According to Varuni's father, Rajeev Agrawal, "Varuni didn't go there because she lacked friends. She went there to learn how to live away from her parents. Parents can't remain forever and other siblings will eventually drift away. So she needed this valuable experience on living alone."

Kanika's parents emphasise the power of early intervention. They admitted their daughter to a mainstream school, even though the school did not have special educators at the time. She went through a vocational programme, and did a summer job with Pizza Hut for about four years. At every stage, they tried to push the envelope in what more she could do.

"All children have to move out from the ambit of their parents. The learning that comes from peer group interaction, and peer pressure is very different from parental control. Every parent says I want to make my child stand on his or her own feet, and they mean it in different ways, whether it's an education, how to make a living for themselves. It's really no different. She's a child like any other child. Helping her to stand on her own two feet just has different parameters," says Anil Dang, Kanika's father.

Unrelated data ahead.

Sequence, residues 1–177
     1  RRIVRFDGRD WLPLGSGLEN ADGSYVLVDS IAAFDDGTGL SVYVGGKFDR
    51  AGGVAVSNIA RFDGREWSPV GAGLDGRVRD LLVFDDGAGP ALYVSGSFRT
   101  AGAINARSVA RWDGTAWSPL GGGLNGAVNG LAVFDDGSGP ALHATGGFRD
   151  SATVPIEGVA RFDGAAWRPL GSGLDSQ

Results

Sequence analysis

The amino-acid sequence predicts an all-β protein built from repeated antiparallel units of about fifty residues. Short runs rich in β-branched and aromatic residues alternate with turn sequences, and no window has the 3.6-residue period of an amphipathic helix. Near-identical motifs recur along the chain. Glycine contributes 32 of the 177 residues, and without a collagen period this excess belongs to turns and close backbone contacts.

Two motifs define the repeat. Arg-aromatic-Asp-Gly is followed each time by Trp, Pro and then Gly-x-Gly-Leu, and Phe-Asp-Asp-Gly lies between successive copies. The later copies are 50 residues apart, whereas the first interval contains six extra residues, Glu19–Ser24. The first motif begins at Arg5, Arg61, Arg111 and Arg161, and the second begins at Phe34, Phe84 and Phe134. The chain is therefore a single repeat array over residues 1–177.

Kanika's mother, Gita Danga , adds, "We think it is important because earlier there used to be institutionalisation or people merged into a family and never came out. Then there was what I called modern day institutionalisation, which is a little bit of a respite home. I think our belief was that the more independent she is, the easier it is for anybody to look after her. "

Maya's mother, who's a single parent, lost her husband 15 years ago. Though the costs of the program have been high, Asha Singh has supported it. 

"Maya is now willing to engage in house work. Things like laying the table became real words rather than some household chores. Even when we would go out socially, the extended family notices that there is more involvement in trying to be helpful, in trying to do things," she says.

The project is moving to the next phase. Now the young people will learn to live without the project coordinator, who was like a mother figure.

The domestic help stays. The plan is to make it inclusive living, by including some PhD students as flatmates.

Scaling up the model will help to sustain it by meeting some of the costs of running the home.

It promises to throw up new challenges for the young women and help them build new skills.

These young people have learnt to exercise choices and control in their everyday lives. The evolving project is a solution, but one size will not fit all. A range of options need to be developed.  Despite the huge need, assisted independent living models are practically non-existent in the country.